Carnation Verbatim – Introduction

Produced by Pacific Northwest writer, photographer and composer, Jerry Mader, Carnation Verbatim–A Celebration of Elders, is a documentary containing oral histories and photographs of elder citizens native to the Snoqualmie Valley and the community of Tolt/Carnation (est. 1912).

Mader began the project in 2005. Over the next two years he photographed 28 elders, octogenarian and nonagenarian, and recorded 25 life histories. Mader also assembled excerpts from 22 of the audio recordings of life histories, composed some original music to accompany them and produced a 2-CD album. Also featured on the album is an accordion performance of “Listen to the Mockingbird” by Helen Sinnema, one of the elders in the documentary. In addition to the portraits, Mader also has made several photographs of Snoqualmie Valley landscapes, farmsteads and interiors of farm houses and residences of several of the elders as additions to the documentary.

In 2006, Mader received a grant from King County 4Culture Heritage Special Projects to help complete the project. The grant made it possible to transcribe the oral histories, produce the audio CD and prepare exhibition-ready prints of all the photographs. The entire collection will be archived at the Tolt Historical Society Museum in Carnation.

In 2007, Carnation Verbatim became a traveling exhibit with its first opening at Miller’s Community & Arts Center in Carnation on September 22. The exhibit was on display through November 25. It has been offered to all historical museums and appropriate art galleries in King County including the 4Culture Gallery in Seattle.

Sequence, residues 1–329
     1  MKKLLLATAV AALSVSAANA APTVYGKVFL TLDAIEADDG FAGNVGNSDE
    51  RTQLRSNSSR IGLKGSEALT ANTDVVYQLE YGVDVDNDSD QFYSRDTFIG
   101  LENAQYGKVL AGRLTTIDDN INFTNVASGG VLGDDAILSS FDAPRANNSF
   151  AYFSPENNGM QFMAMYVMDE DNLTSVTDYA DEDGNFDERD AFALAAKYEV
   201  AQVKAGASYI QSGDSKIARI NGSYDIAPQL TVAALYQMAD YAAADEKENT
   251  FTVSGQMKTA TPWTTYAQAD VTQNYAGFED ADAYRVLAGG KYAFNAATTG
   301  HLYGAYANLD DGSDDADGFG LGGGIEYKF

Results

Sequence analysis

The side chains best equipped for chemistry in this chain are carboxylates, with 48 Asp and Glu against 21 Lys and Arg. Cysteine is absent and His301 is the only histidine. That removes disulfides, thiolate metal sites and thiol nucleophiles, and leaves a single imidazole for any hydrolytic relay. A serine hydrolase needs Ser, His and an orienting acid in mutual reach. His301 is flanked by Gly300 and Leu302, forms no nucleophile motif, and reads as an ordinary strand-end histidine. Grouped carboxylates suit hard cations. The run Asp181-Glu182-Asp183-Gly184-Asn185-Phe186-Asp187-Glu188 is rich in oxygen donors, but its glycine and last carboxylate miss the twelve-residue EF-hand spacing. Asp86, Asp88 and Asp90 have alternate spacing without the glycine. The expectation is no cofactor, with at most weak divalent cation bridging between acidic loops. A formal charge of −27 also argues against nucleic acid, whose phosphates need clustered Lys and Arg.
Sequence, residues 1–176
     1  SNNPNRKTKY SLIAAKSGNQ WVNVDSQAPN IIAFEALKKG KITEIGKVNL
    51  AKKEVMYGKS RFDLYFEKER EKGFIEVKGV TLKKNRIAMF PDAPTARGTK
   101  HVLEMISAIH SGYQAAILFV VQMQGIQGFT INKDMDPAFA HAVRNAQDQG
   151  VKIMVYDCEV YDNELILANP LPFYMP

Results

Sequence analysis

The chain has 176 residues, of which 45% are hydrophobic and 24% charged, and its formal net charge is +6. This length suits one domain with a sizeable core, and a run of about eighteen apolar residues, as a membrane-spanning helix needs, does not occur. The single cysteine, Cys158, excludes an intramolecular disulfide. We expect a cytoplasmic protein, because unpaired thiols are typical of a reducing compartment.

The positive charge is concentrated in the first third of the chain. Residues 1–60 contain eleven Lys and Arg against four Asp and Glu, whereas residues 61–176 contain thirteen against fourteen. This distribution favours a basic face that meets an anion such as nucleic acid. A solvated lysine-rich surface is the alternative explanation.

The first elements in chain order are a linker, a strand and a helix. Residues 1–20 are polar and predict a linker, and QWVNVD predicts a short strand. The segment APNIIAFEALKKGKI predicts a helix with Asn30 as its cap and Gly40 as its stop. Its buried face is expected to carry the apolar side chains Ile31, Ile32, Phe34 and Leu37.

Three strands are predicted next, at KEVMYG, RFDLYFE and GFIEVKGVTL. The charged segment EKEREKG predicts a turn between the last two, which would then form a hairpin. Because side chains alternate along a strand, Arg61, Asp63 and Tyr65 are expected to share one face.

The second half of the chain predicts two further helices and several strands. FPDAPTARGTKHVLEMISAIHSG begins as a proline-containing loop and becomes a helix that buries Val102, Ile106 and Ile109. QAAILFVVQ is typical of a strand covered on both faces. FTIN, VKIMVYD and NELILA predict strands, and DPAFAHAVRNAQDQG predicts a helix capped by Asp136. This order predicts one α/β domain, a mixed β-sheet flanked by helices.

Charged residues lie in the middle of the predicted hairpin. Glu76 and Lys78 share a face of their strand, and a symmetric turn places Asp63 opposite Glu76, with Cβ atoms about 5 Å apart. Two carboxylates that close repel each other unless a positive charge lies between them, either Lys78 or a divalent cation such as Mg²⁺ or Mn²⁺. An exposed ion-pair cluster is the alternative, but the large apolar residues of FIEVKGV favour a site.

The elders presented in this documentary came of age during the 1920s and 1930s in the community of Tolt/Carnation where they remained, married and raised their families. Their grandparents were among the first settlers in the Snoqualmie Valley who ultimately founded the township of Tolt/Carnation in 1912. Now, as octogenarians and nonagenarians, they offer a unique perspective on Pacific Northwest rural life during the first half of the 20th Century. Their stories record the minute particulars of daily life in a small community supported by dairy farms, subsistence agriculture, the timber industry and the railroads. The following pages contain text excerpts from their oral histories, enlarged presentations of the portraits and audio clips from selected interviews.